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Players need to practice preventive medicine

by Dan Pollard
Scotty Bowman used to practice line changes when he was coaching in Montreal. He considered it another part of his flow drills and just another game situation that should be worked on.

It may soon become part of the regular drill set for all NHL practices. As of Tuesday there were 25 "too many men on the ice" penalties in the playoffs and counting. At least that's by my count. That's a lot of brain cramps. Six were rung up in the first period of play, 10 in the second period, and seven in the third.

What's happening here? I guess you look at scoring chances in the second period and figure players are eager to jump into the play. Line matchups certainly can create confusion on the bench. As players are matched and their opposite line switches up or jumps back over the boards, players can jump early. Situational reads can also quickly change the best-laid plans.

Chicago's Ben Eager became "too many men on the ice" victim No. 25 Monday when he turned away from the bench to play the puck against the Canucks. Eager was lucky the Canucks came up empty on the power play. It's not always easy to lay blame, but this was a clear cut case of Ben being too Eager.

The chicken or the egg argument came up in Game 5 of the Caps' first-round series with Montreal when Semyon Varlamov made a dash to the bench before quickly retreating back to his net. Was it Varlamov's fault for turning back when he saw the play heading up ice or was it his teammates for not accessing the play and jumping too early?

Two teams have paid the ultimate penalty for having an extra jersey on the ice in overtime this playoff season. In the first round, Anze Kopitar scored with the man advantage for L.A. in OT of Game 2 against Vancouver, and Miroslav Satan scored the game winner in the second overtime for Boston in Game 4 against Buffalo.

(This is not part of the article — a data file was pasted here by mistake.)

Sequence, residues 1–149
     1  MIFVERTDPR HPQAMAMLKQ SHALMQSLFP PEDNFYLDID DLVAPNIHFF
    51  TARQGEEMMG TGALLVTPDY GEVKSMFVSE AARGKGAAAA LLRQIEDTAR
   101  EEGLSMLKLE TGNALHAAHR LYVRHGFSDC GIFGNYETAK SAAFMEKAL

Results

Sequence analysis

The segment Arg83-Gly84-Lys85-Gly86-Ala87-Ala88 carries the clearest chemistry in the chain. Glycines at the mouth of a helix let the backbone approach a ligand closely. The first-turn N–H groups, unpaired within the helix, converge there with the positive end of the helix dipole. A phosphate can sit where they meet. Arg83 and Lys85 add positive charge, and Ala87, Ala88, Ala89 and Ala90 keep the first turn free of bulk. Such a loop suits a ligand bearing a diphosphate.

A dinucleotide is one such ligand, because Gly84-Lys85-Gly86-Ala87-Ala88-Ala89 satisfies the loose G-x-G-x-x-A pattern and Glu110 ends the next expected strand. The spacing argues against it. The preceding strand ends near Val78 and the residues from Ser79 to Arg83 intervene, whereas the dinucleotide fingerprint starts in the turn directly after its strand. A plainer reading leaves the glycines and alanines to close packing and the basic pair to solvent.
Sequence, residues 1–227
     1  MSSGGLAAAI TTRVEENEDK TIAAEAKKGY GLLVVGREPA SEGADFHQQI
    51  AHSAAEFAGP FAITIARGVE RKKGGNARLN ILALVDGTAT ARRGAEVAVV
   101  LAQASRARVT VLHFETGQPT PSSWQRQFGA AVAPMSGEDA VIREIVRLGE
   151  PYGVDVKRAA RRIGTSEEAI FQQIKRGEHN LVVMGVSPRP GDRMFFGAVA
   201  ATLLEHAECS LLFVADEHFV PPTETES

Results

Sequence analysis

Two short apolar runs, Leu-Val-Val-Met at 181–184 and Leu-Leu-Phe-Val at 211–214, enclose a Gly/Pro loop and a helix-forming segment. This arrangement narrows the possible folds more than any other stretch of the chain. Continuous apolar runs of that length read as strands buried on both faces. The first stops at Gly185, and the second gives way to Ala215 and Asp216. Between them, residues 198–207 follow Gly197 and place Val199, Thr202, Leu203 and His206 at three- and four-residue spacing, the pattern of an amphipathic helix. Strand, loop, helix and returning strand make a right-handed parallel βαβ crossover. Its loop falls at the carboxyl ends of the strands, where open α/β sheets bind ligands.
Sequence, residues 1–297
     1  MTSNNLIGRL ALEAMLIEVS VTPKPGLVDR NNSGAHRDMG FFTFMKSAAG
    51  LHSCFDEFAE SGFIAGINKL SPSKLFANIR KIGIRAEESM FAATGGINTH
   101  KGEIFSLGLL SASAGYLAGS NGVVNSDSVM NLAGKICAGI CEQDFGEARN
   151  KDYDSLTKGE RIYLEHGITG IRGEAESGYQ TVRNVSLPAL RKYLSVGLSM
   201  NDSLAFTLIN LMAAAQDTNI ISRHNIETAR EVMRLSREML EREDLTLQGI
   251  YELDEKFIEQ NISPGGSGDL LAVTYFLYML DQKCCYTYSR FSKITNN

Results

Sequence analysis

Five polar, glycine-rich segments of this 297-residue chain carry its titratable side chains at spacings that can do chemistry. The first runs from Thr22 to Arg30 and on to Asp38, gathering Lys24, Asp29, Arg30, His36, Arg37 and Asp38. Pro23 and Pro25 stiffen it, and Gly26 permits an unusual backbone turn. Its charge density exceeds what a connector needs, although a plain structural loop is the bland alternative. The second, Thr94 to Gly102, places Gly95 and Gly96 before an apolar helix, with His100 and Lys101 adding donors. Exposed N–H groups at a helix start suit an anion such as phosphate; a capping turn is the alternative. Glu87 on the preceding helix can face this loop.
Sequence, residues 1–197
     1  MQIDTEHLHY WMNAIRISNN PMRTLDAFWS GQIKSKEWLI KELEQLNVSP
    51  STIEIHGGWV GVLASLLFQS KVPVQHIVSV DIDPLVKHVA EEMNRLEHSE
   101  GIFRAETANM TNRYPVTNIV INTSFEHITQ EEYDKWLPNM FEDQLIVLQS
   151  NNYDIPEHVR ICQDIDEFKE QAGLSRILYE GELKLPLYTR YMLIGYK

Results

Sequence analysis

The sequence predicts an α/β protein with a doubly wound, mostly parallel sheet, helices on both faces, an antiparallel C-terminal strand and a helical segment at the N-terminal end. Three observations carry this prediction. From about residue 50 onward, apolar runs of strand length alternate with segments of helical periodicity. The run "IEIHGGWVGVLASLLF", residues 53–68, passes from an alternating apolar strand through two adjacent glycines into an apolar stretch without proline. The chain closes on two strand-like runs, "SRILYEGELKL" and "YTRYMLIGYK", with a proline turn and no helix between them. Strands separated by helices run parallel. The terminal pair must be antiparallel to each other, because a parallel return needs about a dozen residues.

* Early pressure and late pressure may account for the fact the majority of the "firing the puck over the glass" penalties occur in the first and third periods. Five times players have been called for the infraction in the first, six times in the third. Two others occurred in the second period of play. Who says it's not a skill to fire it high and hard off the glass? Miss your target and you've cost your team. The ability to do it under pressure could save a game.

* Sending a message early and late desperation in a game I'm sure are the reasons goalie interference penalties spike in the first and third periods. Seven times players have been sent to the sin bin for getting a little too close and personal with netminders in the first. Eight players have felt shame for the infraction in the third. Two others did their time for a goalie meet and greet in the second period. 

* Finally a note to players who love to hand out face washes. If you stick your glove in someone's mouth you hit teeth! While Dan Carcillo claims Marc Savard bit him it sure didn't appear that Savard reached out to bite anyone. Carcillo reached in. Ask any dentist. Teeth are sharp.

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